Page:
New York, London, Singapore, San Francisco, Boston, Hong Kong, Paris, Tokyo, Los Angeles and Munich are among the most developed cities in this regard.

Enlarge

index2
source: insead.edu

Enlarge

index3
source: insead.edu

GTCI highlights

One of the most important observations made in the GTCI report for 2020 is that the gap between talent champions (almost all of them high-income countries) and the rest of the world is widening. Still, AI may provide significant opportunities for emerging countries to leapfrog.

The top of the GTCI rankings is still dominated by Europe, including the Nordic countries – a significant number of small high-income economies, many of them being either landlocked, island or quasi-island economies, including Switzerland (1st), Singapore (3rd), Luxembourg (8th), Iceland (14th) or Austria (17th).

According to the report, the key factor is developing relatively open socio-economic policies in which talent growth and management are central priorities in the age of AI.

Moldova

Moldova managed to get a score of 36.64, being ranked 86th out of 132 countries. It was classified as lower-middle income country and ranked 7th out of 32 countries included in this category. The country’s talent competitiveness index weakened as compared to the period between 2015-2017, when it was listed around the 61st position.

Moldova was evaluated with the highest scores for such aspects as gender development gap, ease of doing business, number of female graduates, competition intensity and political stability, while the lowest scores were given for its share of R&D expenditure, robot density, university ranking, number of registered researchers, scientific journal articles, labour productivity per employee, new business density and collaboration across organisations.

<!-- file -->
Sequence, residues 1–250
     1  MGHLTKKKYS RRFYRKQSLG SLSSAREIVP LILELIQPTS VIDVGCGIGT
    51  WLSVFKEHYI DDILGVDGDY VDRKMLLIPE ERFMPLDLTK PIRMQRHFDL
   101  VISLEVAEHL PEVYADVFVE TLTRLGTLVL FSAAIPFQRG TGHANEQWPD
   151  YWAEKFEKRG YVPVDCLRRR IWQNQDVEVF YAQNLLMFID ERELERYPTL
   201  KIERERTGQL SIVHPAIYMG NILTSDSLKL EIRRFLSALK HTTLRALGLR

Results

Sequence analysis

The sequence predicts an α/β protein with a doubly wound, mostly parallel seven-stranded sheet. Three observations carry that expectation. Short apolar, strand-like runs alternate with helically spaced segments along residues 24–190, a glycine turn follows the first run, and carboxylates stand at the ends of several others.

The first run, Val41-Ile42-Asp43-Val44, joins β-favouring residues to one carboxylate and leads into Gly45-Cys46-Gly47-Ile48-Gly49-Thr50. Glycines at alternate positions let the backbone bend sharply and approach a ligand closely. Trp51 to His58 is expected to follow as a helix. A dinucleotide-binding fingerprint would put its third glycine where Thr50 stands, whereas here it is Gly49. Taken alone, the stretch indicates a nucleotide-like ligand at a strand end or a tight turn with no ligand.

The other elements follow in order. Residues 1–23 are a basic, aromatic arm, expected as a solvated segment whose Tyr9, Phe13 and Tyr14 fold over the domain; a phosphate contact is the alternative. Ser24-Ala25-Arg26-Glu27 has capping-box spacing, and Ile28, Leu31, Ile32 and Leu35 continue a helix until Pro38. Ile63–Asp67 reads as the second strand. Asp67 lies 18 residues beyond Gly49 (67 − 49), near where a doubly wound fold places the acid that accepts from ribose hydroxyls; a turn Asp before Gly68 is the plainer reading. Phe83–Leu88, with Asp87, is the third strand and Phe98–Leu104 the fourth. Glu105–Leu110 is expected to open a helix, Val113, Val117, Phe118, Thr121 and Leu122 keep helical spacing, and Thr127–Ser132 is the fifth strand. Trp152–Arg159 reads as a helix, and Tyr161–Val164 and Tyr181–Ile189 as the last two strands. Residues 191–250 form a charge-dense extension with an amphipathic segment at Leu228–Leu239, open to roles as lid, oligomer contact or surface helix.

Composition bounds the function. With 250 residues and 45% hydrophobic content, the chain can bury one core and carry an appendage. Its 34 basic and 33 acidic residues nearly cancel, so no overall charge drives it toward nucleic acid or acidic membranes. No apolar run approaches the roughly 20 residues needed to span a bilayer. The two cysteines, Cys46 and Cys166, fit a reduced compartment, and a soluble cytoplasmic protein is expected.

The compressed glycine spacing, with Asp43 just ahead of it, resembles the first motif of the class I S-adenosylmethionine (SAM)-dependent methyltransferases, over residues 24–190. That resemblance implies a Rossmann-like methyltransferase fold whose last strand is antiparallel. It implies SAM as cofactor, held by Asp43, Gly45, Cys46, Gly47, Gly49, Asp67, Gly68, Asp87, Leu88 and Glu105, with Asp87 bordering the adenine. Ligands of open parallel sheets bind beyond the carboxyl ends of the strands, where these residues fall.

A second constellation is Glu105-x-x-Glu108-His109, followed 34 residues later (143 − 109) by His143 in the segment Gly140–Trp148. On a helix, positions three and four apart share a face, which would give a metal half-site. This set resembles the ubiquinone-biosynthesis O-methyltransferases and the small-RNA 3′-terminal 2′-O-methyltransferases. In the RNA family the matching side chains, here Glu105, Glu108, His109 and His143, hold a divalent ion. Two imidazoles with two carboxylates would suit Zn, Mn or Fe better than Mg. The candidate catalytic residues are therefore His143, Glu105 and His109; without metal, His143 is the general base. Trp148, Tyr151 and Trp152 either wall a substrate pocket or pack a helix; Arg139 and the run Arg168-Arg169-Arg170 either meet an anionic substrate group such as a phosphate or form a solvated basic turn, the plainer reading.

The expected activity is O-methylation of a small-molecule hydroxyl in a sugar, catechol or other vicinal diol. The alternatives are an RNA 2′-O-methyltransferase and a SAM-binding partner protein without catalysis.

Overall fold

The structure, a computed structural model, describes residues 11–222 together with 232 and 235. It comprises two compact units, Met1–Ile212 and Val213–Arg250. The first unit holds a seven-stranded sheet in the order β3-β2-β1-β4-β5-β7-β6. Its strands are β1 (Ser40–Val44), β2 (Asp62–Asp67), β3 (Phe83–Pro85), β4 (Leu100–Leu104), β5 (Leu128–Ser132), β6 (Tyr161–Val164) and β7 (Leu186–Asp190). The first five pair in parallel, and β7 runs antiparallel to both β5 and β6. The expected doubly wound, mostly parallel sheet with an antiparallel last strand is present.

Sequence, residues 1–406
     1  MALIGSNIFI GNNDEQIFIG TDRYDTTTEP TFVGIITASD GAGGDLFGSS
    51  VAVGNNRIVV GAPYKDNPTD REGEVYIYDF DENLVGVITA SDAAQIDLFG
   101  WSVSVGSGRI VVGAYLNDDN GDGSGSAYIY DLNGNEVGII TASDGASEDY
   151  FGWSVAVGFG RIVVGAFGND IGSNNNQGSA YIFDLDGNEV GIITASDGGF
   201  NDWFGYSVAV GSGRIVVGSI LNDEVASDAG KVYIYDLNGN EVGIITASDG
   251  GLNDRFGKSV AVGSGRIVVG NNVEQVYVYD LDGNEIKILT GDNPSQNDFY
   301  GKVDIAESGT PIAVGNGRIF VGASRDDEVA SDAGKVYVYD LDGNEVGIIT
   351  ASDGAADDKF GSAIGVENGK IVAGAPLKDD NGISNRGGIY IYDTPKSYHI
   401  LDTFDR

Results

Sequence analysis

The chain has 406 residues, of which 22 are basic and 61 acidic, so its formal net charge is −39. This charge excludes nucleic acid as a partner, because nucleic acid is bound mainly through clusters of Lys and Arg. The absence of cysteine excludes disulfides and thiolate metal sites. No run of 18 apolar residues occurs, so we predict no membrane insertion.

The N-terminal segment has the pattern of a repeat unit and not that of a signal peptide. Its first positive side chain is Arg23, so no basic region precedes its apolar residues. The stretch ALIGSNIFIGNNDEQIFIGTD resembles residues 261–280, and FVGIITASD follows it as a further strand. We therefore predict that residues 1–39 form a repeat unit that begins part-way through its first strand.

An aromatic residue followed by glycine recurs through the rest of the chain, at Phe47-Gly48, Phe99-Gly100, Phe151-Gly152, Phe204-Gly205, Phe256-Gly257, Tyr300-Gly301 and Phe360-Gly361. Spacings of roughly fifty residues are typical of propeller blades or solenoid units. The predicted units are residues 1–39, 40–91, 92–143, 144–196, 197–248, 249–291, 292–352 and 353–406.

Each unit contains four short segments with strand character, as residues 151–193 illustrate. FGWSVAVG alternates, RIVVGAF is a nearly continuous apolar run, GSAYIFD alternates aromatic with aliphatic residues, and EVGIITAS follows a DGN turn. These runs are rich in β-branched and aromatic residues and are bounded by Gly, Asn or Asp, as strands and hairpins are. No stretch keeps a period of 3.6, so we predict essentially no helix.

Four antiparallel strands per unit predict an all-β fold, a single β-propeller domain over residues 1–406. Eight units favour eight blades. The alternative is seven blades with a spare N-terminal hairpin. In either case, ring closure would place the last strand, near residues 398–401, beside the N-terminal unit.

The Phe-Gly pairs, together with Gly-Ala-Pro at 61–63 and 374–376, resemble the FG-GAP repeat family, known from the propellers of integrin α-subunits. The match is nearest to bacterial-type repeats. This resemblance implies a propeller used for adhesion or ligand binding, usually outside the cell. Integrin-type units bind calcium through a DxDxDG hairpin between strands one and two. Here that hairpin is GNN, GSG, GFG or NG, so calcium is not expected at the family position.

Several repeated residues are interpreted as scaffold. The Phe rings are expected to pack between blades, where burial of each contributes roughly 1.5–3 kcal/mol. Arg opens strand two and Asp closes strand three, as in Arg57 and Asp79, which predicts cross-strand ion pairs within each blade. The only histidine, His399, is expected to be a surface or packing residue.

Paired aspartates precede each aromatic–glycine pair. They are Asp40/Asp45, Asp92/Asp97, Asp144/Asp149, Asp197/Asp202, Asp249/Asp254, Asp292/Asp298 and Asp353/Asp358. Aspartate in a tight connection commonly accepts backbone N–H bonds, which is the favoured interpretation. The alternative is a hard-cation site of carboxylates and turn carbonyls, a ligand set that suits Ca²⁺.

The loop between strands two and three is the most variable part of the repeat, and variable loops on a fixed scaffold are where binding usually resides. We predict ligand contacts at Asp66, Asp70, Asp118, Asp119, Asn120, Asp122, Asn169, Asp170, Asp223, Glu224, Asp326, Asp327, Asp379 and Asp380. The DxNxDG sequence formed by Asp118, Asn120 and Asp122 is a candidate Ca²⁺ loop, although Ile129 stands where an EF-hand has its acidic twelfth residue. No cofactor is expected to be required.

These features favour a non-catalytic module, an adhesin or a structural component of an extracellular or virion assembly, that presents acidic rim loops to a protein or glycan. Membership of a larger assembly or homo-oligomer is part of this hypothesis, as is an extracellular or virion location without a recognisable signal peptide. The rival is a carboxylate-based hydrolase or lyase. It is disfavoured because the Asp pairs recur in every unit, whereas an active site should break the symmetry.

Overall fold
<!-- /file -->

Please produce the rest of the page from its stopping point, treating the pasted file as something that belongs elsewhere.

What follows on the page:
This year’s model of the GTCI index includes a total of 70 variables, up from 68 indicators used in the GTCI 2019.

source: insead.edu

Photo: cambridgealert.com

Continue Reading

Society

How corrupt Moldovan citizens are? Comparative figures

Published

on

When talking about corruption, most of Moldovan citizens blame the ‘system’ built by politicians and their political regimes throughout history. And that may be true, but only to some degree. When looking deeper, it can be actually observed that little corruption acts are perceived as a normality by a lot of individuals and legal entities in the country. That is what is shown in a recent study conducted by by the Center for Social Studies and Marketing “CBS – Research”. The study assessed the impact of the National Integrity and Anticorruption Strategy for the years 2017-2020.

 516 million lei – this is the total amount of bribes offered by Moldovans in 2019. On average, a Moldovan citizen has offered at least five bribes, while an enterprise has been involved in about three corruption acts. Businesses paid bribes worth 197,3 million lei, while individuals offered a total of 319,4 million lei as bribes during the last year, estimated the study. The value of the one illegal payment ranged from 50 to 20 thousand lei.

The research was carried out on the basis of a national survey where 1 120 persons, 506 companies and 606 civil servants from central, district and local public administration participated. The data were presented in comparison to the situation in 2017, when the first such survey was conducted. It was carried out within the project “Fight against corruption by strengthening integrity in the Republic of Moldova”, implemented by UNDP in collaboration with the National Anticorruption Center, and the support of the Norwegian Ministry of Foreign Affairs.

The total value of the bribes offered by Moldovans is lower, however, compared to those from two years ago, when the amounts varied between 100 and 500 thousand lei in the case of companies and between 50 lei and 8 thousand lei in the case of individuals, as the study stated.

Even though the study affirmed that corruption remains a serious problem for the Moldovan society, the level of intolerance of the population towards corruption has increased. Thus, about 62% of individuals (compared to 45% in 2017) and 83% of businesses (compared to 61% in 2017) consider any corruption situations unacceptable and declare that they do not accept to offer or receive bribes, regardless of the situation and implied personal benefit.